I have been climbing in Rocky Mountain National Park since I moved to Colorado five years ago, slowly gaining the confidence and familiarity that come with climbing in my backyard. Over that time I have learned the history, forged amazing bonds, experienced more failures than successes and developed an infatuation with climbing ice.

    [The North Face of Mt. Meeker. All photos courtesy of the Doug Shepherd collection]

    The ice climbs in the Park can be fickle and intimidating. Almost as intimidating is the tradition of amazing locals constantly pushing the boundaries, generation after generation. Earlier this fall, a line formed on the north face of Mt. Meeker that I had never seen before. I had heard rumors of climbs in this area, but never seen anything myself and wondered if this was another “hardman” line. I called a friend and we had a leisurely start on the Longs Peak trail, anxious to see what the mountain had in store for us.

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    Backyard Adventures: The Fine Line Between Danger & Adventure

    It’s time for another reader-submitted Backyard Adventure. This one comes courtesy of longtime Cleanest Line commenter CM, otherwise known as Craig Metzger from Southern California. CM’s story first appeared on his blog Get Outside More 

    1_thecrew_drylake I’d been planning a backpack trip with friends for some time. The plan was to hike in, camp and then hike out in the amazing San Gorgonio Wilderness (SGW). Finally everyone’s schedules aligned and dates were picked for the adventure.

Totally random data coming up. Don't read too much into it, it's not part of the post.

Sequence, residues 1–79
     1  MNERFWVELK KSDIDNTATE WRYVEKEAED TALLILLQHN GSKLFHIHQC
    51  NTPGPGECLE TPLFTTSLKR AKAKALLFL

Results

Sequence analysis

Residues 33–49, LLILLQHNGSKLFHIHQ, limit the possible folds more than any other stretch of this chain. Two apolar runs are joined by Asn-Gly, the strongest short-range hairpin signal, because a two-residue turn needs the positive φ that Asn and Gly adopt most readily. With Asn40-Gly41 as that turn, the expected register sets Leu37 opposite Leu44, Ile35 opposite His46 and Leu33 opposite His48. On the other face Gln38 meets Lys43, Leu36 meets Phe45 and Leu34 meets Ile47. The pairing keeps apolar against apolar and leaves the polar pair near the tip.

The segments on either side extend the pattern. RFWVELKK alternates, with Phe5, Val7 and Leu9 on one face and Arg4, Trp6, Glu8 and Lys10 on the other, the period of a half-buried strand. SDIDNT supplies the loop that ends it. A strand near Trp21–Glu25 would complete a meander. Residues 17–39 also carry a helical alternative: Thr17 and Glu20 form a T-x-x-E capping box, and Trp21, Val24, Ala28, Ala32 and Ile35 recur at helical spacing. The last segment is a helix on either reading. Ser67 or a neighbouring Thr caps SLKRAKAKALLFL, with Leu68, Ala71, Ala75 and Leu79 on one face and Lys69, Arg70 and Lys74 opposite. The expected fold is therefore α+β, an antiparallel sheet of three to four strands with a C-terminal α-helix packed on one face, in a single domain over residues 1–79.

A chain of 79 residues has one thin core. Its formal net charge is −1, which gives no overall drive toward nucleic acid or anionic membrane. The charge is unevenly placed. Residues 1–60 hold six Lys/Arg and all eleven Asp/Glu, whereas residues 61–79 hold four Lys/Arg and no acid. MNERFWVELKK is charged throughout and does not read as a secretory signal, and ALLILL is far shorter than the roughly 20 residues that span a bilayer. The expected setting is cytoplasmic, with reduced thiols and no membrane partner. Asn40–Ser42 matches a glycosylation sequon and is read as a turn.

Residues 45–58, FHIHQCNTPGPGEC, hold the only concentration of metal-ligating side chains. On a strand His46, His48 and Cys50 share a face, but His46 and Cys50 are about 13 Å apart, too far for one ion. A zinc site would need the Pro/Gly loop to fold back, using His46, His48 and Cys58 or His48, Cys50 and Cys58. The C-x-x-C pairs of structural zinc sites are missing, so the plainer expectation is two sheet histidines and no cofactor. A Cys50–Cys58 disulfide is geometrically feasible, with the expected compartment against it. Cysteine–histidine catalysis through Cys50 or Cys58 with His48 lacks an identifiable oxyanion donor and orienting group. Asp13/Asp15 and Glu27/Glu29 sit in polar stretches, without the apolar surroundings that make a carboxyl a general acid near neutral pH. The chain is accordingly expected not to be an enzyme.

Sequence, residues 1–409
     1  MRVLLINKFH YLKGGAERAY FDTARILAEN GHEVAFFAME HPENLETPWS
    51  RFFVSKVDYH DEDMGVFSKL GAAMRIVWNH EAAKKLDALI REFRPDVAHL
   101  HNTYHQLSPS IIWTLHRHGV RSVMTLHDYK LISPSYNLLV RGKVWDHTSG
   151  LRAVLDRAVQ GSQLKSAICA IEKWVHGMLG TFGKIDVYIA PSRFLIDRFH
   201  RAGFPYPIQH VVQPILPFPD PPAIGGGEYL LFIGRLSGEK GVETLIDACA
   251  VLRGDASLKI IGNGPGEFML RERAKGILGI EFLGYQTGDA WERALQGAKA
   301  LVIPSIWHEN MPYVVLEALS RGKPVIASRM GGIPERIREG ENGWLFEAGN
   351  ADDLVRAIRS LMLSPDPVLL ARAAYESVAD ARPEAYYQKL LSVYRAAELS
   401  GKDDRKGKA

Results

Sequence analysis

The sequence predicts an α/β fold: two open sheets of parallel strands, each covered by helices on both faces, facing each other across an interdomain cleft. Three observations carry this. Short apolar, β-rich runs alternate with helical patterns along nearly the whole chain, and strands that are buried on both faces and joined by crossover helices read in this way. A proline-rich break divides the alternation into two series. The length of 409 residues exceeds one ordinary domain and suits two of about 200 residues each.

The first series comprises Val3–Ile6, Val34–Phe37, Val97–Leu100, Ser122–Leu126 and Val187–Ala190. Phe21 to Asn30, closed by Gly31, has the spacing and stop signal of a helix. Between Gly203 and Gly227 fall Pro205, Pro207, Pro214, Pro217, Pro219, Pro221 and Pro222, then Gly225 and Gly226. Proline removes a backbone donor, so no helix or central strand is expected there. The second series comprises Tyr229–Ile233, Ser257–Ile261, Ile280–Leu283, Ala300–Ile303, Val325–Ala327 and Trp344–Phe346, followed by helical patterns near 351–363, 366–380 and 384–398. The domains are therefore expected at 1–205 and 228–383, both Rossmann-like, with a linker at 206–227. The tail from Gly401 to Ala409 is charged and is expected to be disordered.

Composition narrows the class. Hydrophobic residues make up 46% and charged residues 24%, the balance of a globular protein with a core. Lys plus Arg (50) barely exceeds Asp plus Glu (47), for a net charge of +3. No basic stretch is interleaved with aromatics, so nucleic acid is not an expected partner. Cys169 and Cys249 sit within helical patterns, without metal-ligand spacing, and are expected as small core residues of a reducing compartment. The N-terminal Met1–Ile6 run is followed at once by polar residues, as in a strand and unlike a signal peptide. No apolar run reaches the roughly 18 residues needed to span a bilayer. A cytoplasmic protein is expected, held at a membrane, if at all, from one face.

[Dan, Alex, Craig and Tom. All photos courtesy of Craig Metzger]

    Around this time I applied for the permits and began to watch the weather like a hawk. I knew that this time of year in the SGW the weather could turn foul. The final week was upon us before the trip and the weather all of sudden was showing 20% chance of snow. "20%," I thought to myself, seemed pretty low and the way weather works in California our odds were good that it wouldn’t snow. On the day before we left I visited the weather site and now there were chances of high winds and still a 20% chance of snow. I began to think about calling the trip off but after discussing it with my fellow tripmates we felt our odds were good but decided to prepare for the worse. I’m glad we did.

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    Backyard Adventures: The Power of Imagination

    Rocks1_2 Editor's note: Our Backyard Adventures series kicks off today and first up is Dave Anderson from Wyoming who proves that a vivid imagination can be your best partner on an outing close to home.

    Gone are the mornings spent lounging on the tailgate of my rusted-out truck, eating last night's leftover pasta with my only concerns for the day being what routes to climb. These days, I greet the morning sun from inside my bank-financed house, shuffling around in fluffy slippers while the ingredients of a smoothie churn predictably around in the blender.

    As I stretch my stiff fingers, I feel a dull ache which now has more to do with long sessions with the keyboard instead of battles with hard finger cracks. Chained to my desk by deadlines and obligations, I sometimes gaze out the window feeling trapped by my new lifestyle.

    As a youngster, I was trapped by birth in the white-bread world of suburbia, where families, normal behavior and the environment were all stamped out in neat, half acre cloned lots. The key to my sanity, to combat that sterilized culture, was my hyperactive imagination. Most days I was out in the “backyard” setting the new home run record (playing t-ball), mapping the vast catacombs near the road (crawling through cement culverts), exploring the uncharted secrets of the Amazon (mucking around in the small creek) or unearthing buried treasures in the deserts of Egypt (digging in the sandbox).

    [While Sinks Canyon is deserving of its reputation for variety, it's most well-known for it's plentiful selection of steep limestone lines. Here, the cliffs just above the canyon road dwarf a climber, barely visible at center. Photo & caption: localcrew collection]